From March 12 to 18, the Pavillon de la Ville hosted “The Lebanese Cultural Week” as part of the program called “Plural Identities”, launched by the cultural department of the city council of Pointe-à-Pitre. This event which helped to better understand one of the components of Guadeloupean society was a success.
More than thirty years ago, Lebanon was making front page news in Guadeloupe and throughout the world because of the terrible war that was taking place there. Locally, it had so much left its mark on people’s minds that a new residence in the municipality of Gourbeyre, built at that time, had even been nicknamed “Libanon City” or “Beirut” because of the problems between neighbours that forced the gendarmes to intervene there very often… Even if the inhabitants of this residence live in peace for years, the nicknames remained… Even today, when the press talk about Lebanon it is mostly for the fragile political situation in this Middle East region.
The “Lebanese cultural week” which took place from March 12 to 18 was an opportunity for all Lebanese and Guadeloupeans of Lebanese origin to show another image, a positive image of their country or their parents and grandparents homeland. A real trip was offered to many visitors to discover the “Country of the Cedar” from the Phoenician times – this ancient people who lived where is currently located Lebanon and invented, in particular, an alphabet used in the Greek and Aramaic alphabets – to the present.
Guadeloupe, a second homeland
Rita Torbay is one of the people who worked to make this cultural event a success. She is of Lebanese origin and she has been living in Guadeloupe for 47 years. Although she returns to Lebanon, this island of the Caribbean became her second homeland. “I have been here for so many years, Guadeloupe is now my home, I never encountered racism here. I am perfectly well integrated into Guadeloupean society, my grandson whom I raised is mixed race (…)”, she says.
Five months were necessary to prepare this “Lebanese cultural week”. An artist (writer, poet and painter) was honoured. It was Khalil Gibran who was born in Bcharre in Lebanon in 1883 and died in New York in 1931. Several of his pictorial works like his self-portrait, the portrait of his sister Sultana, “Two Crosses”, “Centaur and child”, “Woman discovering nature”, “Children and presence of desappeared maternity” or “The divine world” were exhibited. Hundreds of objects which belong to families of Lebanese origin living in Guadeloupe were displayed on the ground floor as well as on the first floor of the Pavillon de la Ville. They included, in particular, clothing, cooking, currency, music, literature, religion or the rich historic past of Phenicia.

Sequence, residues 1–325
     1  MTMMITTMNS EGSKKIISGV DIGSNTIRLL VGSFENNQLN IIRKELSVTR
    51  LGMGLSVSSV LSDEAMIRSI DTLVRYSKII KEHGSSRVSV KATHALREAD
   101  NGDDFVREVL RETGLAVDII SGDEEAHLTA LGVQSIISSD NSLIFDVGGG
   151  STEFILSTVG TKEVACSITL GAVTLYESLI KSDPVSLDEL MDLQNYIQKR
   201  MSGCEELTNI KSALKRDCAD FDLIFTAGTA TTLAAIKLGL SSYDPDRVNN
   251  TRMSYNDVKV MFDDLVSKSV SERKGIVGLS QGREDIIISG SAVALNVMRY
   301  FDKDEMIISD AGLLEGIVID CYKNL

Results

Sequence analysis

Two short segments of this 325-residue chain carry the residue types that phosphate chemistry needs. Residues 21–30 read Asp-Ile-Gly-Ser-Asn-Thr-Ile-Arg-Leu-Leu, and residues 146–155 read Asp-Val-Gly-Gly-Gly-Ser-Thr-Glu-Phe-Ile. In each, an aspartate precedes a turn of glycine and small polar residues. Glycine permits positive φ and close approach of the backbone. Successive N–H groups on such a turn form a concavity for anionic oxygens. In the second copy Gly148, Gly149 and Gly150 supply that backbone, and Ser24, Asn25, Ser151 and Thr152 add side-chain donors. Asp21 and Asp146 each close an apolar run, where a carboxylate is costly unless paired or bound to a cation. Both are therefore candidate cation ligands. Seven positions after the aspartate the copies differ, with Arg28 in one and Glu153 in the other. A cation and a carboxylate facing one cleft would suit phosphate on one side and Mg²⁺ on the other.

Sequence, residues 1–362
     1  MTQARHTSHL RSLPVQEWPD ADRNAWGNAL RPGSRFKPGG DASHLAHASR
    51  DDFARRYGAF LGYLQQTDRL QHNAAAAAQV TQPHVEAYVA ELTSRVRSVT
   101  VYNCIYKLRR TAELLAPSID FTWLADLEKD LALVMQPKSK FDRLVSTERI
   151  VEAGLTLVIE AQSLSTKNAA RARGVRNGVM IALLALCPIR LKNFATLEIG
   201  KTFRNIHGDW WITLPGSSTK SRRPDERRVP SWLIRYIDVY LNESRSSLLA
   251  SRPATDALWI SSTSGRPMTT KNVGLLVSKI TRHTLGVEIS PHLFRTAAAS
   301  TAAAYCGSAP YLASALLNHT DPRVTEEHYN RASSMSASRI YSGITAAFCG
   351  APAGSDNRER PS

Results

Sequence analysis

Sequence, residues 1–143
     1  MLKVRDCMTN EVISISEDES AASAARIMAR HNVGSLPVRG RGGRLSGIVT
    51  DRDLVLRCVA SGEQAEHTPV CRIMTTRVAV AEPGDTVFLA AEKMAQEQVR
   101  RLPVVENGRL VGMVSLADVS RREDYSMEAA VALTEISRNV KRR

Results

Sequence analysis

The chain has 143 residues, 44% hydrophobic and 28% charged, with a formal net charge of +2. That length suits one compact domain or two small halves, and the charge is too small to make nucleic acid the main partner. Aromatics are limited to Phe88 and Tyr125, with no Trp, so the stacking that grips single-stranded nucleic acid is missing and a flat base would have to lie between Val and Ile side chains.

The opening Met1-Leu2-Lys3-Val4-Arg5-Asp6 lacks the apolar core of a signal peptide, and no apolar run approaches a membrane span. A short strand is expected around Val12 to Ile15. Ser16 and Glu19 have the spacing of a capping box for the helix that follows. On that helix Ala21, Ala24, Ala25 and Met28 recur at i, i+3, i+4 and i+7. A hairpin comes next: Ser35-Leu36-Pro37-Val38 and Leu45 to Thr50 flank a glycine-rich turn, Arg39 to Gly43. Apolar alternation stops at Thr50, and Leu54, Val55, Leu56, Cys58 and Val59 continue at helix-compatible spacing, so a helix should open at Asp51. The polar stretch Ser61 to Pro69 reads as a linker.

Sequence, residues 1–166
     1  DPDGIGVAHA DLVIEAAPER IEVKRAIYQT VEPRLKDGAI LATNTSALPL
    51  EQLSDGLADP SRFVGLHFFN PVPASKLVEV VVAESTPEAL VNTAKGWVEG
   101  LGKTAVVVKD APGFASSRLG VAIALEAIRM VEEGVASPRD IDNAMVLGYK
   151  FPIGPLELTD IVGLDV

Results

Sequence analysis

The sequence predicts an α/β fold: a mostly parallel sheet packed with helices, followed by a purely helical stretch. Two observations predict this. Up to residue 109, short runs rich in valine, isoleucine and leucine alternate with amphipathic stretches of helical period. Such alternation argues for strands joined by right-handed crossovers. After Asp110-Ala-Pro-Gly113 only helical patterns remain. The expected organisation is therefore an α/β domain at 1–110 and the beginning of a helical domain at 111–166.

A big collective exhibition
Several Lebanese figures around the world were also presented among them Renault-Nissan Chief Executive Officer Carlos Ghosn, Nasa Director Charles Elachi, actors Omar El-Sharif, Keanu Reeves and Salma Hayek, singers Paul Anka, Guy Béart, Shakira and Francis Lalanne, journalists Charles Villeneuve, Antoine Sfeir and Léa Salamé, football coach Mario Zagallo, poet and writer Venus Khoury-Ghata etc. At the local level, there were singer, composer, performer and producer Henri Debs, chemist, filmmaker and builder Jean Bichara-Jabour or Patrick Karam, now Vice president of the Regional Council of Île-de-France.
“The Libanese in Guadeloupe represent 1,500 to 2,000 people. Everyone was very generous. Everyone participated in this exhibition by bringing something from home, the only things we bought were copies of Gibran’s works of art; they are sold at the Gibran Museum in Lebanon”, says Rita Torbay.
During this “Lebanese cultural week” many Guadeloupeans went to meet the Lebanese they rub shoulders without really knowing them and to become better acquainted with one of the components of our society for 152 years.
Culture to break down barriers
“We are very pleased with the success of this “Lebanese cultural week”, the city hall of Pointe-à-Pitre was also a great help. Before, when we organized events, we invited especially officials such as the Prefect, Mayors, but Father Nicolas Taza who is also the President of the association “Mission Saint-Charbel Guadeloupe” asked us to meet everybody, to participate in this week that is open to all. I am very happy because many Guadeloupeans – tourists too – came to meet us and discover the country where we come from, Lebanon, and our culture.When you know who is the other one, relationships are easier”, she explains.
Schoolchildren also came to visit this major exhibition, they asked lots of questions and they even learned how to write their names in Arabic. Two conferences on the themes of “Khalil Gibran’s works” and “Lebanon” were organized and attracted large audiences. Among the artistic activities, there was, on Saturday, March 17, a “dabke” or “dabkeh” show, a traditional Lebanese dance.
Lebanon, a holy land
The next day (Sunday), this “Lebanese cultural week” ended with a mass celebrated by Father Taza according to the Maronite rite which has three parts in Aramaic (language spoken by Christ) namely the beginning of the mass, the second part and the consecration. Moreover, during this exhibition, the organizers wished to show that Lebanon is a holy land. Indeed, a room was dedicated to religion with, among others, biblical scenes in pictures, a poster entitled “On the steps of Jesus in South Lebanon”, a table full of religious objects and a big rosary made with calabashes, a beautiful work by Guadeloupean artist Zak Tikan. “Christ preached in southern Lebanon, the Virgin Mary stayed in Mantara, where she was waiting for her son when he was going to preach in the area (…)”, says Rita Torbay.
The “Libanese cultural week” should be renewed to allow everyone to discover the wealth of this country whose first nationals arrived in Guadeloupe in 1866.